At present, Americans consume much more salt than is recommended by health authorities — an average of about 3.4 grams daily. Nevertheless, the primary reasons these recommendations have been controversial is that people worth normal levels of blood pressure may not derive any benefits from reducing their intake.

In fact, the evidence available to prove that consuming less quantity of sodium decreases the risk of heart disease in healthy people is minimal. Worse still, it may be harmful.

Dangers of underconsumption of sodium

Some evidence has suggested that there may be some risks attached to reducing the intake of sodium to the recommended amount.

In a review study that comprised more than 133,000 individuals with and without high blood pressure from different countries across six continents, researchers did an investigation into how sodium intake affects the risk of early death and heart disease.

The study showed that regardless of blood pressure, individuals who consumed below 3 grams of sodium daily were more likely to suffer from heart disease compared to those who consumed 4-5 grams every day. Also, people who consumed below 3 grams of sodium daily had worse health outcomes than those who consume 7 grams.

Researchers also discovered that those who had high blood pressure and consumed above 7grams of sodium daily had a significantly higher risk of death or heart disease compared to those who consumed 4-5 grams. The above and several other study results show that a reduced intake of sodium could be as detrimental to health as an excess intake.

Should you limit your intake of sodium?

People who are dealing with high blood pressure who consume above seven grand of sodium daily should certainly reduce their sodium intake. You may also have to reduce thought daily intake of sodium of you have been advised by this doctor or dietician to do so for medical reasons.

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However, for people who are healthy, cutting down on sodium intake doesn’t seem to make much of a difference. And even though health authorities have continued to push and advocate that people reduce their daily consumption of sodium, the truth remains that consuming below 3grams of sodium daily may have an adverse effect on a person’s health.

Studies show that individuals who consume below 3 grams of sodium per day stand a higher risk of developing a variety of heart disease and even early death compared to people who take up to 4-5 grams of sodium per day.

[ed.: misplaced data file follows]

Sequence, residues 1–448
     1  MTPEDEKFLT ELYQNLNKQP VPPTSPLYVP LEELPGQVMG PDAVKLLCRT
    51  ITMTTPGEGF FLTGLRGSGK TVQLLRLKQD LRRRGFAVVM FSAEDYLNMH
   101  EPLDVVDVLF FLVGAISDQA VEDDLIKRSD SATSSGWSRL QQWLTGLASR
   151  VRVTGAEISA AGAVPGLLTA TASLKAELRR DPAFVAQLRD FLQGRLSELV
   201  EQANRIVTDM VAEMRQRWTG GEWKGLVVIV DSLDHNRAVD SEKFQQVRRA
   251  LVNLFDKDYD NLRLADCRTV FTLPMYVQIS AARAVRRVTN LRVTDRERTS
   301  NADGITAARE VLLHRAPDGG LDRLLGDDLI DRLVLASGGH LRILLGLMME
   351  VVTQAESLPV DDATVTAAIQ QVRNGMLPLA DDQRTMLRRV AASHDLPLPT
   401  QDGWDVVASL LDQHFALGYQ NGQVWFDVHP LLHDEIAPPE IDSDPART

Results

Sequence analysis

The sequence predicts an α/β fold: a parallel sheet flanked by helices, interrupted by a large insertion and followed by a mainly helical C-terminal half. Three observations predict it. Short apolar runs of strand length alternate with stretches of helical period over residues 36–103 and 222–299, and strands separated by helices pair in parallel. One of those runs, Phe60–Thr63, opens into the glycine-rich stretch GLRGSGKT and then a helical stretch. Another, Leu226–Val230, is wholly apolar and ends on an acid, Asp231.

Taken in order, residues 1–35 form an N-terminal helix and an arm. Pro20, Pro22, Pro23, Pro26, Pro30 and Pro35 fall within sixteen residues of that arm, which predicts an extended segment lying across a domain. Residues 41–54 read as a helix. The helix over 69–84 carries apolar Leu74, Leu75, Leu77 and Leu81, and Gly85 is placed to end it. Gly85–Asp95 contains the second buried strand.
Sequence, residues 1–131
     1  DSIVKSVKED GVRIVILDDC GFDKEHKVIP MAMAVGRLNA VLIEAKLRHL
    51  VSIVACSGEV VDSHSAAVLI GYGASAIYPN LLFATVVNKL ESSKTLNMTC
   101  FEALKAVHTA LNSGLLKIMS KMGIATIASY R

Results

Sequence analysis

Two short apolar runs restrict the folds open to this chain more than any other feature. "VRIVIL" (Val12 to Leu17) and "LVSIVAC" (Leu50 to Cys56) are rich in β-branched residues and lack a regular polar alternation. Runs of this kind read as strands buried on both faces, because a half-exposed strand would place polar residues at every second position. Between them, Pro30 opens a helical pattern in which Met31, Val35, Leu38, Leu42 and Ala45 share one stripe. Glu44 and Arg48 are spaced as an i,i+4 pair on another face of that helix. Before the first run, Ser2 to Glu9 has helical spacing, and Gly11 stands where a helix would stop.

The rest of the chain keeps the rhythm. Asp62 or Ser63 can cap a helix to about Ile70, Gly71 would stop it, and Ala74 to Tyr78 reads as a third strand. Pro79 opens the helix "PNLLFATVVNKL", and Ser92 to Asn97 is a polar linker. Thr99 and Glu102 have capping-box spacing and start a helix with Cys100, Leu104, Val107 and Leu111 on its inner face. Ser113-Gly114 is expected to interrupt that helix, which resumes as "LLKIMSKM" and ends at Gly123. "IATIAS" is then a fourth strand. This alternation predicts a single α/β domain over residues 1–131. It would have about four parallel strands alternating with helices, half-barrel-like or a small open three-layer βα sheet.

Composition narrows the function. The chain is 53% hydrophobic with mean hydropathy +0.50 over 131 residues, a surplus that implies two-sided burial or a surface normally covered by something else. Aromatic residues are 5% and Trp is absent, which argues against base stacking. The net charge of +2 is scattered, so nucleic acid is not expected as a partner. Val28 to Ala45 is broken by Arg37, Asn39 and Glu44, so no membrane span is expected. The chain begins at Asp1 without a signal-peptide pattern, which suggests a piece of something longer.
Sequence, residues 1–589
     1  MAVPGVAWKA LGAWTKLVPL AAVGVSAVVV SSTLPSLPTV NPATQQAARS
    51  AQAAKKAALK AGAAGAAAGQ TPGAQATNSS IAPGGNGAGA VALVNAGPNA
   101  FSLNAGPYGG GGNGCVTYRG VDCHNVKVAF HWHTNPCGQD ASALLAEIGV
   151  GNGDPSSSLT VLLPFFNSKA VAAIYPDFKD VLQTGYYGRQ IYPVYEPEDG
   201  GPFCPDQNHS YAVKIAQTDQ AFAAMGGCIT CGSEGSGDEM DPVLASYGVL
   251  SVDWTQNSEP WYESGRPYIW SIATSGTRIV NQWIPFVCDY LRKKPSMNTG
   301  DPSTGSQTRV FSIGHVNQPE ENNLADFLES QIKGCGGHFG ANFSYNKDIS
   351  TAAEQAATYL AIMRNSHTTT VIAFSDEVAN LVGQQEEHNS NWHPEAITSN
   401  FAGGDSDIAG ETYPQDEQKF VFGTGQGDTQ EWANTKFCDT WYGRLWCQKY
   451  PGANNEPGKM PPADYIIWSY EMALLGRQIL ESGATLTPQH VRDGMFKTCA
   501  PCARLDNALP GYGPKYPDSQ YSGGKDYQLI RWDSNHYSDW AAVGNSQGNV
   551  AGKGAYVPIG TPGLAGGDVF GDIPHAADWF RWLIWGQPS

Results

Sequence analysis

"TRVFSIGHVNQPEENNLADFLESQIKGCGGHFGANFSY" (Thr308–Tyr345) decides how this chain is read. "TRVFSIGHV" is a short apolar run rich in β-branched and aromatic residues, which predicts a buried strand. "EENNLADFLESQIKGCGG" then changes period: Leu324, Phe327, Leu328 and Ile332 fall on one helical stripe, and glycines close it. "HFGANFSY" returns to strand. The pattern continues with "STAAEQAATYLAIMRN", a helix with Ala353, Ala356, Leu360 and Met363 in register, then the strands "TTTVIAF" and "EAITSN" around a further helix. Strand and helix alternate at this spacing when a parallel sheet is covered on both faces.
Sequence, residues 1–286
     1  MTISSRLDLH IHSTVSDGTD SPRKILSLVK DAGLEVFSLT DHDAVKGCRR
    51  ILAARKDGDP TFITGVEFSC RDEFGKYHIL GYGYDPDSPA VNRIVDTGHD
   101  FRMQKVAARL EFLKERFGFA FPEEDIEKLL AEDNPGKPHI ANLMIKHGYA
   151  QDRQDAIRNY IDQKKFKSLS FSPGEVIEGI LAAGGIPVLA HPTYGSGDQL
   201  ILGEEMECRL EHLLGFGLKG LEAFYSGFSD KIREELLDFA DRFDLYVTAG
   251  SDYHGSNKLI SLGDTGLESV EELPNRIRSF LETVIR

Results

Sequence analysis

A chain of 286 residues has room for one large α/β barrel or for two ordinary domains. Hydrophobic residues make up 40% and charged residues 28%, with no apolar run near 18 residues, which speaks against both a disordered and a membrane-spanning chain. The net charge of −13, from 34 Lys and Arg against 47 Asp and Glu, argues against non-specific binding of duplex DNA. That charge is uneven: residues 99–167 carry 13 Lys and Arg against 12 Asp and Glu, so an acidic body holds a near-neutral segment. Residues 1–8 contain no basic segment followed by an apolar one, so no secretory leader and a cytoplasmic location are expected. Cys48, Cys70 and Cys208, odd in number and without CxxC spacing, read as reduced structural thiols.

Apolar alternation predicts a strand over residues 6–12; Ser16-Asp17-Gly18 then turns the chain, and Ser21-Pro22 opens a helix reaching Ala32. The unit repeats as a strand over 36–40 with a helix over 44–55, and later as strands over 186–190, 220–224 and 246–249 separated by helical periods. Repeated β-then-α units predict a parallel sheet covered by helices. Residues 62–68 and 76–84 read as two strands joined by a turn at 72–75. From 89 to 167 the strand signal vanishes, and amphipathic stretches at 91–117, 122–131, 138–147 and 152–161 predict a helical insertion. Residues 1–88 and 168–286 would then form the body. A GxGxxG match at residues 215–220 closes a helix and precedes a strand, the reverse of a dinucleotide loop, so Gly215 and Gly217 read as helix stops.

The above claims give rise to concerns as to whether the current guidelines for sodium intake ranging from 1.5 grams to 2.3 grams are causing more damage than offering benefits as a growing body of evidence proves that these recommendations may be too low to be healthy.

With the above said, the study of 133,000 individuals from 49 countries across six continents showed that only 22% of the study population consumed more than 6 grams of sodium daily, which means rust the amount of sodium consumed by healthy people is safe.

Other ways to control your blood pressure and improve your health

Not only will it be difficult for you to archive the low amount of sodium health authorities recommend, but there is also evidence to prove that it could be dangerous to your health.

However, there are some other practical and easier ways you can use in controlling your blood pressure and improving your health without having to bother solely on the amount of sodium you consume.

Exercise

Exercise is linked with a myriad of health benefits, and that includes lowering of blood pressure. A combination of resistance training and aerobics is ideal but just walking a short distance daily can help bring your levels down.

If for some reason you can’t make it the gym, thirty minutes of walk daily of enough exercise for your heart. Besides, if you feel you can’t walk 30 minutes at once, you can easily break the session into 10 minutes three times daily.

Easy more fruits and vegetables

Most people eat more processed foods than fresh fruits and vegetables. Fruits and vegetables are essential did if you want to maintain good health as they contain nutrients such as magnesium and potassium that could help to lower your blood pressure.

Vegetables such as beetroot, spinach, lettuce, and arugula are great sources of nitrate which increases your body’s production of nitric oxide.

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What Nitric oxide does is to relax your blood vessels and arteries, which causes them to dilate since increase the flow of blood and that initially reduces blood pressure.

Eat fewer calories

Sodium consumption has been associated with calorie intake. The more calories you consume, the higher the quantity of sodium you also consume.

Since a lot of people consume more calories than they need daily, it is safe to say that cutting down the number of calories one consumes is an easy way to reduce a person’s sodium intake.

Another benefit of consuming fewer calories is that it promotes weight loss which may also help to lower your blood pressure.

Limit alcohol

Birth men and women need to reduce their daily intake of alcohol to one drink per day for women, and two drinks per day for men.

The reason for this is that heavy consumption of alcohol has a significant connection with elevated blood pressure levels. If you exceed the recommendation of one bottle for women and two bottles for men daily, you may want to consider cutting back.

Rest

You may also want to consider thinking less and getting enough rest as a way to reduce your blood pressure.

Overworking yourself is unhealthy for many reason and even though you decide to cut down on your sodium intake, there is no guarantee that your blood pressure will be reduced if do not get enough rest.